Manaea, Windle in first-round showdown


MINNEAPOLIS -- Indiana State's Sean Manaea exploded on the amateur scene this past summer in the Cape Cod League when he started hitting 96 mph regularly with a wipeout slider, dominating the league with 85 strikeouts and just 7 walks in 55 innings.

The left-hander hadn't been quite the same animal through four starts this spring, although all had come in less than ideal weather conditions, making his matchup against Minnesota at the Metrodome on Friday night something of a test for him. Unfortunately, he wasn't as electric as I had hoped.

Manaea pitched at 92-94 early in the game and was 89-93 by the ninth inning in his complete-game win against Minnesota, one aided by a healthy dose of #umpshow at a few critical points. (The game ended on a blown safe/out call at the plate, and Manaea also got away with a balk or two on pickoff throws to first.)

He commanded the fastball just about all night, starting to slide a little in the eighth inning, and showed no fear with the pitch even when going after hitters within the strike zone. His secondary stuff, on the other hand, was ordinary, an average slider at 78-82 that he never seemed to finish properly and a changeup in that same velocity range that had decent arm speed but, despite a split-like grip, has no significant action to it. The fastball plays, and the velocity comes pretty easily, but he needs to show at least one plus off-speed pitch to justify that No. 2 ranking on my most recent Future 50.

Manaea's arm isn't especially quick, but he generates velocity by taking a very long stride toward the plate and getting some torque from hip rotation. He has a high leg kick and stays over the rubber well before driving forward. His arm action is a little long in back; when his front foot lands, he's still showing the ball to the center fielder, only pronating after his front leg is already planted. He comes from a slot below three-quarters, somewhere in the Clayton Richard-Madison Bumgarner range, and should be very tough on lefties even if the slider isn't more than average. If he finished that pitch later and stronger out in front, it might be plus again, as it was this past summer. For now, he's still really interesting because of the velocity and command, but I couldn't take the guy I saw tonight in the top five picks -- and certainly wouldn't take him ahead of Oklahoma right-hander Jonathan Gray today.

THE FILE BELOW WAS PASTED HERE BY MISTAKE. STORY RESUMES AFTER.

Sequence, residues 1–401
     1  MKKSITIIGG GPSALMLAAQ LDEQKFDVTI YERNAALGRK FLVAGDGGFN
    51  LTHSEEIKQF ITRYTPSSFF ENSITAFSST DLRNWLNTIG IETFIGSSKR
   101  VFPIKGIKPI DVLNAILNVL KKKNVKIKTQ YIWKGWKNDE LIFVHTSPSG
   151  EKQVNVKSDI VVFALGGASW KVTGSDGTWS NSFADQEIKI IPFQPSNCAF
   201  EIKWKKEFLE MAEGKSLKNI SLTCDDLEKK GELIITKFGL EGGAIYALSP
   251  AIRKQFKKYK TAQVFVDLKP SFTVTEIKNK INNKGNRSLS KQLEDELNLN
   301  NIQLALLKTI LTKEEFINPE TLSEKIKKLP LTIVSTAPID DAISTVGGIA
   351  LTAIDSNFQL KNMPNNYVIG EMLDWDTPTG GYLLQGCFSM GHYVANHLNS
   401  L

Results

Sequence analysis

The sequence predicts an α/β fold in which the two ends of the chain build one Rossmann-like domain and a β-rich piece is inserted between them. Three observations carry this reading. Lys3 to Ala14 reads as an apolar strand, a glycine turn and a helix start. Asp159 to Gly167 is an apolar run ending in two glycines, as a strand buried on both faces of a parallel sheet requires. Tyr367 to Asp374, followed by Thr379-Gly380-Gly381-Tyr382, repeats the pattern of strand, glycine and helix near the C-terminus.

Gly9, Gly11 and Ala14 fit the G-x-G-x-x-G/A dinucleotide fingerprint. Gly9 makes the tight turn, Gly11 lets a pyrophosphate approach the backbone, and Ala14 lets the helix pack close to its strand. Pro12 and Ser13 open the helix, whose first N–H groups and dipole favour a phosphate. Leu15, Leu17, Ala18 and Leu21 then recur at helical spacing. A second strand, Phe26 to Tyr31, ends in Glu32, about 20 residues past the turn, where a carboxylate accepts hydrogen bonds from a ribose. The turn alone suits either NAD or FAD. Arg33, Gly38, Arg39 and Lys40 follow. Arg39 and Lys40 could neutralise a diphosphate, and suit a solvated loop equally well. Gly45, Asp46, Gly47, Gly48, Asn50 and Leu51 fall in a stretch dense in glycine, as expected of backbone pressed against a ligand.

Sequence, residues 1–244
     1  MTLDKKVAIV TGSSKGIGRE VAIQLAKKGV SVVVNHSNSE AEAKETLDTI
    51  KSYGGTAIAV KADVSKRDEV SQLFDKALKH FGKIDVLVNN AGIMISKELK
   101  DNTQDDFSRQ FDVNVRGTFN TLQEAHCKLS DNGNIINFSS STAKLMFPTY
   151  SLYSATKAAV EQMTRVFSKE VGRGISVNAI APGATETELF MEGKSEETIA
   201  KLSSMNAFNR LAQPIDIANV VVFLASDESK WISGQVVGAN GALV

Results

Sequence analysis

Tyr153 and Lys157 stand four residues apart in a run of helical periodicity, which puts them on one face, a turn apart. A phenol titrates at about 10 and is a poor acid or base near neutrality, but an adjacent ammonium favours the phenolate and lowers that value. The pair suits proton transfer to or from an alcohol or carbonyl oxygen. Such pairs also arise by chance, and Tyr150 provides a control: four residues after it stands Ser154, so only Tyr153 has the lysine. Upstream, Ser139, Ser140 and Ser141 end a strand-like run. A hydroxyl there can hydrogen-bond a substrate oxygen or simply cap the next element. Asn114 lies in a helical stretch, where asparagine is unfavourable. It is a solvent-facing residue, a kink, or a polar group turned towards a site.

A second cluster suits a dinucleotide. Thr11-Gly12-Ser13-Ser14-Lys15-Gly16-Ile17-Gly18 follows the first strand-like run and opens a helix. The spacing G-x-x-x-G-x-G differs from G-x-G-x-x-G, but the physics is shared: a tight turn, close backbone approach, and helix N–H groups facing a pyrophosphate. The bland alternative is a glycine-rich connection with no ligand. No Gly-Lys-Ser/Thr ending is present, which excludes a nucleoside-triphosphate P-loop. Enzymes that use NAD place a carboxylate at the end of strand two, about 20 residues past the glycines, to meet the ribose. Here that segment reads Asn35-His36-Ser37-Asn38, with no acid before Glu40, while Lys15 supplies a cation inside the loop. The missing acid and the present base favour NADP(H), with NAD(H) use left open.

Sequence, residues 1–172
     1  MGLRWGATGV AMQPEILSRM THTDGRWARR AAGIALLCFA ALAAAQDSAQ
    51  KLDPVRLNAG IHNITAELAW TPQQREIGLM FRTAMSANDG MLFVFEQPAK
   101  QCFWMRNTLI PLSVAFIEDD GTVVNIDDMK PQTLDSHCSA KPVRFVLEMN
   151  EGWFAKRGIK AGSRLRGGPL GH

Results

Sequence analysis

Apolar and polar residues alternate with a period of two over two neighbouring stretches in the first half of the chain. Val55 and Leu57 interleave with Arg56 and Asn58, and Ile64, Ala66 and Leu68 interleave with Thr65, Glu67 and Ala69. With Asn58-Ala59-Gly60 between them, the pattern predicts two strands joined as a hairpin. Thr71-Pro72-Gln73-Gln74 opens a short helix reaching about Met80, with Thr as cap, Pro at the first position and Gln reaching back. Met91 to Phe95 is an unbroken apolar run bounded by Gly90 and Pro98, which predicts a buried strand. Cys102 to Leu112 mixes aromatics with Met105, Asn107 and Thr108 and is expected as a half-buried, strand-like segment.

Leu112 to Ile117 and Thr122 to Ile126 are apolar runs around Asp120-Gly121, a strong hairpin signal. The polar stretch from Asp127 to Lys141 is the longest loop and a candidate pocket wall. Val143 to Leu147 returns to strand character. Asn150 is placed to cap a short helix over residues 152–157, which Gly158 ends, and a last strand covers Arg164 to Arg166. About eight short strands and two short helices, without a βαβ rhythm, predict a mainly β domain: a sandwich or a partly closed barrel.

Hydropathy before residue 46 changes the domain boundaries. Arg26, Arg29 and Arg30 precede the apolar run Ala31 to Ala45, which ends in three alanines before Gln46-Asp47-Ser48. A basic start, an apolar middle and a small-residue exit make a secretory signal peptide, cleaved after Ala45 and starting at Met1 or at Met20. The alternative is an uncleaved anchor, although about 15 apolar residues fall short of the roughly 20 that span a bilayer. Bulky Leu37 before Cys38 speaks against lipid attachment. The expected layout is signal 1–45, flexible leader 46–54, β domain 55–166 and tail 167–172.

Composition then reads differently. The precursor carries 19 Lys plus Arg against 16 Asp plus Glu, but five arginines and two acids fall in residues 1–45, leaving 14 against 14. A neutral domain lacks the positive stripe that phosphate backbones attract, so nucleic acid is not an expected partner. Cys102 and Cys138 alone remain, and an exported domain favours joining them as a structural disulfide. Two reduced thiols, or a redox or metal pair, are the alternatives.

&bull; Minnesota lefty Tom Windle, who threw a no-hitter last week, was solid again this week, although, like Manaea, he didn't show overpowering off-speed stuff. Windle sat at 91 in the first and worked from 88 to 92 until the ninth, when his velocity started to slip, too. He throws a soft-breaking, fringy slider at 78-84, even using it in more typical changeup situations despite the fact that he has a solid-average changeup at 82-83.

Windle stays tall over the rubber, taking a more modest stride than Manaea, with a much shorter and less fluid arm action and much less hip rotation, meaning he's generating more of his velocity with his arm than with his lower half. He had more confidence in his slider than Manaea did in his off-speed pitches, even though it wasn't a plus pitch, and he threw a ton of strikes. Windle isn't a projection guy per se, but I could see him touching a few 94s later on in the spring, and a 6-foot-4 lefty with a solid-average fastball and chance for two average off-speed pitches is usually a late first-round pick.